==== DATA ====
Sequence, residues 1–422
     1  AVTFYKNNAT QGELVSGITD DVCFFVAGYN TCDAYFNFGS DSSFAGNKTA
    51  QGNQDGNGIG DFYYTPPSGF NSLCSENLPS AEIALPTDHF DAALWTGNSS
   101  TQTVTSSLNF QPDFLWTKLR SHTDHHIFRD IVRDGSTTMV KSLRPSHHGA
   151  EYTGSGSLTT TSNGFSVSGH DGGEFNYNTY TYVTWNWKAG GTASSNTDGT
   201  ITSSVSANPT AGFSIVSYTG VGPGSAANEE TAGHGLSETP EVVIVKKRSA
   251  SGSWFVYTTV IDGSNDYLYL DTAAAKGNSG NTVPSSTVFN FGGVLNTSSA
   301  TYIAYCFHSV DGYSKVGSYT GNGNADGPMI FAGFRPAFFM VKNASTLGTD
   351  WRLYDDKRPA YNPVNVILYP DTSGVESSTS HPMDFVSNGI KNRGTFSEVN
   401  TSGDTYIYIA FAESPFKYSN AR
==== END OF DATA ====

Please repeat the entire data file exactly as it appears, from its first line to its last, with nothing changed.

Sequence, residues 1–422
     1  AVTFYKNNAT QGELVSGITD DVCFFVAGYN TCDAYFNFGS DSSFAGNKTA
    51  QGNQDGNGIG DFYYTPPSGF NSLCSENLPS AEIALPTDHF DAALWTGNSS
   101  TQTVTSSLNF QPDFLWTKLR SHTDHHIFRD IVRDGSTTMV KSLRPSHHGA
   151  EYTGSGSLTT TSNGFSVSGH DGGEFNYNTY TYVTWNWKAG GTASSNTDGT
   201  ITSSVSANPT AGFSIVSYTG VGPGSAANEE TAGHGLSETP EVVIVKKRSA
   251  SGSWFVYTTV IDGSNDYLYL DTAAAKGNSG NTVPSSTVFN FGGVLNTSSA
   301  TYIAYCFHSV DGYSKVGSYT GNGNADGPMI FAGFRPAFFM VKNASTLGTD
   351  WRLYDDKRPA YNPVNVILYP DTSGVESSTS HPMDFVSNGI KNRGTFSEVN
   401  TSGDTYIYIA FAESPFKYSN AR